Stanford paint can reduce energy use and your bills
Stanford University researchers developed a paint that can keep homes warm in winter and cool in summer. Consequently, homeowners could reduce their air conditioning usage and lower electricity bills. Yi Cui, the senior author of their study, said their discovery could curb greenhouse gas emissions and help third-world countries cool their homes.
This Stanford paint research seems boring compared to more popular innovations like ChatGPT. Contrary to popular belief, seemingly mundane inventions have significant impacts, too. For example, modern paints have no asbestos or lead, protecting many from potential lung disease. Pay attention because you may need this paint for your home soon.
This article will explain how this Stanford Paint works and why University researchers developed it. Then, I will discuss other ways people save on energy costs and the environment.
How does the Stanford Paint work?
Stanford University scientists Yi Cui, Xin Xiao, JIan-Cheng Lai, and Yucan Peng shared their findings online but did not have a specific name for their paint. Hence, I will refer to their discovery as “Stanford Paint.”
It consists of two layers: an infrared reflective bottom layer and an infrared transparent upper layer. The scientists created the former with aluminum flakes and the latter with inorganic nanoparticles.
The Stanford News Service says the infrared sunlight spectrum causes 49% of natural heating when surfaces absorb it. Consequently, the Stanford Paint’s dual-layer allows it to cool and warm homes, depending on the season.
Applying them outside your home enables the color layer to bounce infrared light to the lower layer. Then, it passes through the paint layers as light, preventing the wall from absorbing it.
As a result, building materials don’t accumulate heat, cooling your room. Moreover, applying both paints to your interior reflects light into your home, keeping it warm during the snow season.
The Stanford News Service reports it reflects near-infrared light to reduce the need for air conditioning further. Moreover, the research team confirmed Stanford Paint’s effectiveness by testing it in eight colors:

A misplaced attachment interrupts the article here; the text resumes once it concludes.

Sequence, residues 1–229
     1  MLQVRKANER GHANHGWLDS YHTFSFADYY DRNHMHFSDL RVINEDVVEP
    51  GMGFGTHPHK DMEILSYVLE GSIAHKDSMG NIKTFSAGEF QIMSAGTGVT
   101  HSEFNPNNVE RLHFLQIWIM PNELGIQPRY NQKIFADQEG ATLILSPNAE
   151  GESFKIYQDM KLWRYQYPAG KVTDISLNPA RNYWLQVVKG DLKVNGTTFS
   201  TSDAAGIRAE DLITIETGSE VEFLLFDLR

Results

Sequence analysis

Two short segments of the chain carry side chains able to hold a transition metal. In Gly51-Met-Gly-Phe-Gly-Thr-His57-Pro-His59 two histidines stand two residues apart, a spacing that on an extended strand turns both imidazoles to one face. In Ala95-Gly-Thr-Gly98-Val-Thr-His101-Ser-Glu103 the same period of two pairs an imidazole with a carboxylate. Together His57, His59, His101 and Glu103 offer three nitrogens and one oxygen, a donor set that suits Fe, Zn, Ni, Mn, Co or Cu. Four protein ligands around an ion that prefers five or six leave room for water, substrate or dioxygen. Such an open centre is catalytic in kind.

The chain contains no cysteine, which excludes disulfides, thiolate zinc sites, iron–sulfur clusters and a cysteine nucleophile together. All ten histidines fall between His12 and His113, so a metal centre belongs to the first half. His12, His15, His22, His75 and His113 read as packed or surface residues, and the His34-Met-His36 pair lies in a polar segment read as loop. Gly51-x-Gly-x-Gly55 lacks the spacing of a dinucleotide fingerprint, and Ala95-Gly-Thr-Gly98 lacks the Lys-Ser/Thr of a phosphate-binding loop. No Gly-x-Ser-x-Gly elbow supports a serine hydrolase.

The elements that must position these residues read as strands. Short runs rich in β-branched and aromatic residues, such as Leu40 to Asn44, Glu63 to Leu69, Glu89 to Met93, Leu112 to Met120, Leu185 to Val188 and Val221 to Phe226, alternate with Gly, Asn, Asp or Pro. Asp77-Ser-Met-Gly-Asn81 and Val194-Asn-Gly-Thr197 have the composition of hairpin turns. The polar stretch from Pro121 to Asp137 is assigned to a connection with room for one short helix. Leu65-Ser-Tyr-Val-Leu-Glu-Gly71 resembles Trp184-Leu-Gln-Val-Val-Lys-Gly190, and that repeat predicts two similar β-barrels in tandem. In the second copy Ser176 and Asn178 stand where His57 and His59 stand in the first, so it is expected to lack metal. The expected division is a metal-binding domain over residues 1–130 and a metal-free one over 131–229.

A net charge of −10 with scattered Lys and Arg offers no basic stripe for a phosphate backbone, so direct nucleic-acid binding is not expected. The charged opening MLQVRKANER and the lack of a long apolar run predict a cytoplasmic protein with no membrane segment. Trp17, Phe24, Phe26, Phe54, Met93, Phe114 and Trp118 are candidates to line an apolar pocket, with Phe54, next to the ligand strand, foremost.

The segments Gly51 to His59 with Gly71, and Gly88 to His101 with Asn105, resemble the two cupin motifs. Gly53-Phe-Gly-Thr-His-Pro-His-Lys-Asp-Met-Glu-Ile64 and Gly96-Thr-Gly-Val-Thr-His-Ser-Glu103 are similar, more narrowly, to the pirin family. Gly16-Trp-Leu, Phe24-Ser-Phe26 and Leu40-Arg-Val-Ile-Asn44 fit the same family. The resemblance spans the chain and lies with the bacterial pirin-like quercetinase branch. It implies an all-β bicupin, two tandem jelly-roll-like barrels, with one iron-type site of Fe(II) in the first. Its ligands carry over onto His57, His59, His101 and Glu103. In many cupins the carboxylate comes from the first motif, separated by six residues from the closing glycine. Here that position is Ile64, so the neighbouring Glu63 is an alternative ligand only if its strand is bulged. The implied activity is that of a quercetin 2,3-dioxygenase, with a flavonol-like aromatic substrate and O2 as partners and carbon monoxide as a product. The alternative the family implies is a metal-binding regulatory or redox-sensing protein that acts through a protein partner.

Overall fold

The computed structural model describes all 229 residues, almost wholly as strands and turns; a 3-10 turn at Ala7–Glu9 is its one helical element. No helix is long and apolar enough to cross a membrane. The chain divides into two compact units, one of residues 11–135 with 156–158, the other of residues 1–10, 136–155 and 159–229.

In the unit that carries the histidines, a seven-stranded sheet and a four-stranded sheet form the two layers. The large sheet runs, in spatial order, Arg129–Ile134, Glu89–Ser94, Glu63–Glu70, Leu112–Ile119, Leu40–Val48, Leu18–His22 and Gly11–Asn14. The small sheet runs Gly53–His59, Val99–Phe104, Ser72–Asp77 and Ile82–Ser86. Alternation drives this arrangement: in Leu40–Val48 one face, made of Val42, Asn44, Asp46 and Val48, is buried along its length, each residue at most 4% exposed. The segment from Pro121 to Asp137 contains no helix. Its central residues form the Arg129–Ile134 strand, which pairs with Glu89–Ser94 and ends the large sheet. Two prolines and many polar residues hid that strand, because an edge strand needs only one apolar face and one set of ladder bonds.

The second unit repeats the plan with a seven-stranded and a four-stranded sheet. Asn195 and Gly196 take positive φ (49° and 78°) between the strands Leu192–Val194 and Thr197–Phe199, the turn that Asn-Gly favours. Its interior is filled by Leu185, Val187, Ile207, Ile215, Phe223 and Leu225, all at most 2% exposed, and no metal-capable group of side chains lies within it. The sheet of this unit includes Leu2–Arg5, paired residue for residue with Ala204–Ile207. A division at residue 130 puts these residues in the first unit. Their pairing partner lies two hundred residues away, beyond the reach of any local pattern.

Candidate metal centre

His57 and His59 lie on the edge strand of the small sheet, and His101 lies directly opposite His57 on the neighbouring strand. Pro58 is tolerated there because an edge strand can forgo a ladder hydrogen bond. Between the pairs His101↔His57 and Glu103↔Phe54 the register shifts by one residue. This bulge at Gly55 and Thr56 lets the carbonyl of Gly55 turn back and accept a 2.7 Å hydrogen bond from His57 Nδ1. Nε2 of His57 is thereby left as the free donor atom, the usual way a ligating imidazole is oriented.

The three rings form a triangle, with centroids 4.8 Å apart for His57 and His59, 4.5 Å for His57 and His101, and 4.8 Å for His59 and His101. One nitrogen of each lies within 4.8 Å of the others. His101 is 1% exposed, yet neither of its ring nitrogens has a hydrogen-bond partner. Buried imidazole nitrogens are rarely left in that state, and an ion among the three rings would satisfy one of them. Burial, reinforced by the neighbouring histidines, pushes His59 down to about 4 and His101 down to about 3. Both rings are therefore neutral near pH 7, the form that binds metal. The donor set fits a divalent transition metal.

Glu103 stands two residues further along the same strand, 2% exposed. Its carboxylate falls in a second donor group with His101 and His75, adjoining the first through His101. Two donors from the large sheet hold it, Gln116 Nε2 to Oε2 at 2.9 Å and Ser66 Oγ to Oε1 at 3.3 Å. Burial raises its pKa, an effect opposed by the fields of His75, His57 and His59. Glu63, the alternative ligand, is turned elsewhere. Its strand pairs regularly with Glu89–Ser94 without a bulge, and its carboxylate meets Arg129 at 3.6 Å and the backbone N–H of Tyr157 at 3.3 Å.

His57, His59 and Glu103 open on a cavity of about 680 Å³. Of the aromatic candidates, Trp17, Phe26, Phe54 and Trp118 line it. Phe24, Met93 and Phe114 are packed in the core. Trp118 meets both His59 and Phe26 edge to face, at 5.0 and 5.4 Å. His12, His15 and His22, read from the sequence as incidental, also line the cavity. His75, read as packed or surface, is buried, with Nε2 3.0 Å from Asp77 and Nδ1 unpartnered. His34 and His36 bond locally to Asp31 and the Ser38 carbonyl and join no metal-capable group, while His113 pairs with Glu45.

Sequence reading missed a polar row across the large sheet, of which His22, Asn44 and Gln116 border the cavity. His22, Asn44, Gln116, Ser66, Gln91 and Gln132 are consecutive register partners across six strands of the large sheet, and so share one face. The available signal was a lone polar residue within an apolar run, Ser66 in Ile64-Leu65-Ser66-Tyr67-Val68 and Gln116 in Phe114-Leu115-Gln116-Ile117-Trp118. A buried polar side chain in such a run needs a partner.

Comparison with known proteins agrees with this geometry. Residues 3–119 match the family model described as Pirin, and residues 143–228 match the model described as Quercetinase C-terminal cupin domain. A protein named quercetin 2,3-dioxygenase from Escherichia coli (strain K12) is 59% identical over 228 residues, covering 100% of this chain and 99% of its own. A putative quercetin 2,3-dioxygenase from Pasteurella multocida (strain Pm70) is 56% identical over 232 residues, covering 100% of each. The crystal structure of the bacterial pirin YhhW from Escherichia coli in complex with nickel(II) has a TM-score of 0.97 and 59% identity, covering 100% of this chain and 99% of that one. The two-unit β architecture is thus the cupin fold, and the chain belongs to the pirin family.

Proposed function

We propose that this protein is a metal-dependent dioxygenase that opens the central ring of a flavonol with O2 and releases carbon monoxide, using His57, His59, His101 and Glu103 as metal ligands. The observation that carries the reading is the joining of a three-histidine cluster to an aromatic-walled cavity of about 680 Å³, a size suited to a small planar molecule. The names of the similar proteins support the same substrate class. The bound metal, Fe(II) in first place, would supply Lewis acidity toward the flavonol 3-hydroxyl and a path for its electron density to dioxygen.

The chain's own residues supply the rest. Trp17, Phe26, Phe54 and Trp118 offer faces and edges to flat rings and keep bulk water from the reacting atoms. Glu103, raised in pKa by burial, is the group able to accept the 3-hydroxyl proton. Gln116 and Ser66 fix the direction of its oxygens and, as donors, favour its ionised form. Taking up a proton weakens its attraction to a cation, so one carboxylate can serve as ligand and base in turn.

- Dark Grey
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Regardless of the color, the new paint type was 10 times better than ordinary paints in the same colors at reflecting high and mid-infrared light. More importantly, it can be useful beyond the home.
Yucan Peng, the study’s co-lead author, stated, “Both layers can be sprayed onto assorted surfaces of various shapes and materials, providing an extra thermal barrier in many different situations.”
For example, it could be the outer and inner layers of trains and trucks for refrigerated transportation. Moreover, Stanford Paint is perfect for third-world countries because it remains stable in humid environments.
What are other projects saving costs and the environment?
Two other developments have been helping save the environment and our budgets. The first is from University of Massachusetts researchers who found a way to turn humid air into electricity accidentally.
Professor Jun Yao said he and his colleagues only wanted to create an air humidity sensor. It consisted of microscopic tubes or nanowires one-thousandth the width of a human hair.
“To be frank, it was an accident. We were actually interested in making a simple sensor for humidity in the air,” Yao stated. “But for whatever reason, the student who was working on that forgot to plug in the power,” the professor added.
The UMass Amherst team felt surprised when they noticed water molecules generating electricity. They bumped inside the tubes, producing a minuscule charge.
“The beauty is that the air is everywhere. In principle, we can stack multiple layers in vertical space to increase the power,” Yao claimed. In other words, we might be able to turn humidity into a reliable and sustainable energy source.
The next project revisits nuclear energy as a carbon-free energy source. Japan says it will prolong the lifespans of its nuclear reactors and replace old ones.
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The country’s new policy says nuclear energy has “an important role as a carbon-free baseload energy source in achieving supply stability and carbon neutrality.”
Moreover, nuclear power could help maintain its energy security. Japan’s nuclear policy paper warns, “There is a risk of an energy crisis for the first time since the 1973 oil crisis in the face of a severely tense situation.”
“We recognized once again the fragility of our country’s energy supplies, which poses a challenge to our energy security,” it added. It may seem dangerous, especially because Japan released radioactive water from nuclear reactors.
Stanford University researchers created a paint that keeps homes warm in winter and cool in summer. It could reduce air conditioning usage and help homeowners save money on electricity.
Yi Cui and the other scientists hope to improve their technology and commercialize it soon. A few more years of research and development could turn it into a household staple.
Other scientific breakthroughs could change the world, and you can learn more about them at Inquirer Tech. It also delivers the latest artificial intelligence, gadgets, and other digital trends.